## Engage NY Eureka Math Precalculus Module 2 Lesson 6 Answer Key

### Eureka Math Precalculus Module 2 Lesson 6 Exercise Answer Key

Opening Exercise

Let A=\(\left(\begin{array}{ll}

7 & -2 \\

5 & -3

\end{array}\right)\), x=\(\left(\begin{array}{l}

x_{1} \\

x_{2}

\end{array}\right)\), and y=\(\left(\begin{array}{l}

y_{1} \\

y_{2}

\end{array}\right)\). Does this represent a linear transformation? Explain how you know.

Answer:

A linear transformation satisfies the following conditions: L(x+y)=L(x)+L(y) and L(kx)=kL(x)

A(x+y)=A(x)+A(y) by the distributive property

### Eureka Math Precalculus Module 2 Lesson 6 Exploratory Challenge Answer Key

Exploratory Challenge 1:

The Geometry of 3-D Matrix Transformations

a. What matrix in R^{2} serves the role of 1 in the real number system? What is that role?

Answer:

\(\left(\begin{array}{ll}

1 & 0 \\

0 & 1

\end{array}\right)\) serves the role of the multiplicative identity.

b. What matrix in R^{2} serves the role of 0 in the real number system? What is that role?

Answer:

\(\left(\begin{array}{ll}

0 & 0 \\

0 & 0

\end{array}\right)\) serves the role of the additive identity.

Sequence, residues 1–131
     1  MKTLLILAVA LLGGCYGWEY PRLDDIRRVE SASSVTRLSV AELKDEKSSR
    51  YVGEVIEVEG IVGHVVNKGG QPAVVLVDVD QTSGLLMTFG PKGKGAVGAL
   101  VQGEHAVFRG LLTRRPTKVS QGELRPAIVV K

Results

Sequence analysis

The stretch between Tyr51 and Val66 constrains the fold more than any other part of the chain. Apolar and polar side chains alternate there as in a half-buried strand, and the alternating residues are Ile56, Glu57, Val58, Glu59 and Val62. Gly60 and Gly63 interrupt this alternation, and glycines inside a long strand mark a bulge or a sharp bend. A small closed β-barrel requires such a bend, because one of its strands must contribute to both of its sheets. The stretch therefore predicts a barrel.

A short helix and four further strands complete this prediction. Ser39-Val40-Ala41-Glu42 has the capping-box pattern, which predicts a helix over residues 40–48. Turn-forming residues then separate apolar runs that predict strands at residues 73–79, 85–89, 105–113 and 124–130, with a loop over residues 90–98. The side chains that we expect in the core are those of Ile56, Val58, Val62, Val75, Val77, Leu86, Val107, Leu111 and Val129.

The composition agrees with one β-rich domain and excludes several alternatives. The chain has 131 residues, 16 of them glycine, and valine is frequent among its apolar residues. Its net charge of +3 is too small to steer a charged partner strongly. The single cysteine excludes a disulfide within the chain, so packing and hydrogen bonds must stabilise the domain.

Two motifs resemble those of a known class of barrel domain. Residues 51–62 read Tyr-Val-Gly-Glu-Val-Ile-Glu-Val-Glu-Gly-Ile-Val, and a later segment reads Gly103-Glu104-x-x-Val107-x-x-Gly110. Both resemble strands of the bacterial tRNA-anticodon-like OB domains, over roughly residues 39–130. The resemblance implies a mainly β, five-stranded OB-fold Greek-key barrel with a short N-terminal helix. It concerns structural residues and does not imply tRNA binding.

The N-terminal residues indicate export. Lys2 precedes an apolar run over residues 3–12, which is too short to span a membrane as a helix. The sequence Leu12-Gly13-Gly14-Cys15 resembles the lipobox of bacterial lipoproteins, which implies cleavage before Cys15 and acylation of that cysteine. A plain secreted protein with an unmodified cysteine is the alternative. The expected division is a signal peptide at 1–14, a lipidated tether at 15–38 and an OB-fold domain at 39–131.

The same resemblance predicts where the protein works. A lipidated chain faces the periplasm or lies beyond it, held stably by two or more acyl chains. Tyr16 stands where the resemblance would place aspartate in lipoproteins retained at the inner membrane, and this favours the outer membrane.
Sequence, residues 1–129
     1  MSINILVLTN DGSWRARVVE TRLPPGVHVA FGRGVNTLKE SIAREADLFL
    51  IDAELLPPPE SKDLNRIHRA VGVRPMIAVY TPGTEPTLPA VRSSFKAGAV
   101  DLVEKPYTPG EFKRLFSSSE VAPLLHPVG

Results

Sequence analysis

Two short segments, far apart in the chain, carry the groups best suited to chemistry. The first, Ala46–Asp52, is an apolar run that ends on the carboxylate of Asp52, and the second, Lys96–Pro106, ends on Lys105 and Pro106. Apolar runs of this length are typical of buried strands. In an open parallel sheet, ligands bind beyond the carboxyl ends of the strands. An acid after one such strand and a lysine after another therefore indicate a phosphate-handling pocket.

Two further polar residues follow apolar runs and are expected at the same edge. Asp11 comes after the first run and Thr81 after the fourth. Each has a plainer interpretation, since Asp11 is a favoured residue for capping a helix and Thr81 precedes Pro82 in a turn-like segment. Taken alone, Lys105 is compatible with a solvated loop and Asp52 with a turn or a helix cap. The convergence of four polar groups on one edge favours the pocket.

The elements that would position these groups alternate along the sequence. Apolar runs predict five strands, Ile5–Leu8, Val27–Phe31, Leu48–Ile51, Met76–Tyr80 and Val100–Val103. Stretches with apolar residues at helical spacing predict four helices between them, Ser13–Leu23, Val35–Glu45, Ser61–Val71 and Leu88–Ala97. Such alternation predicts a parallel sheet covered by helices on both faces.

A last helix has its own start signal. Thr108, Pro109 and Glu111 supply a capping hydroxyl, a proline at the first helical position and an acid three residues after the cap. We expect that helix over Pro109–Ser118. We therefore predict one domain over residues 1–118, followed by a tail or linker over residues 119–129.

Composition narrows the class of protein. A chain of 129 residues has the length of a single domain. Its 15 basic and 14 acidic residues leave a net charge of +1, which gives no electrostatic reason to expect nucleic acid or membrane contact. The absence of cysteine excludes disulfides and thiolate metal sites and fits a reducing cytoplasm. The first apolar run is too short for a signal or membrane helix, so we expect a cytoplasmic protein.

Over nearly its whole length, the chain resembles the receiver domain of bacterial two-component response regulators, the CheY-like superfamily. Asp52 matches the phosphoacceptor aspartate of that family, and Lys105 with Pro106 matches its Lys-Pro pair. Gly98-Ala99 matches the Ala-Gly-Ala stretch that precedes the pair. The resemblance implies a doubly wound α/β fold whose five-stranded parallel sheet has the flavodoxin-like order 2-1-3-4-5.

c. What is the result of scalar multiplication in R^{2}?

Answer:

Multiplying by a scalar, k, dilates each point in R^{2} by a factor of k.

d. Given a complex number a+bi, what represents the transformation of that point across the real axis?

Answer:

The conjugate, a-bi

Exploratory Challenge 2: Properties of Vector Arithmetic

a. Is vector addition commutative? That is, does x+y=y+x for each pair of points in R^{2}? What about points in R^{3}?

Answer:

We want to show that x+y=y+x. First, let’s look at this problem algebraically.

When we compute x+y, we get \(\left(\begin{array}{l}

x_{1} \\

x_{2}

\end{array}\right)\)+\(\left(\begin{array}{l}

y_{1} \\

y_{2}

\end{array}\right)\)=\(\left(\begin{array}{l}

x_{1}+y_{1} \\

x_{2}+y_{2}

\end{array}\right)\).

Now let’s compute y+x. This time, we get \(\left(\begin{array}{l}

y_{1} \\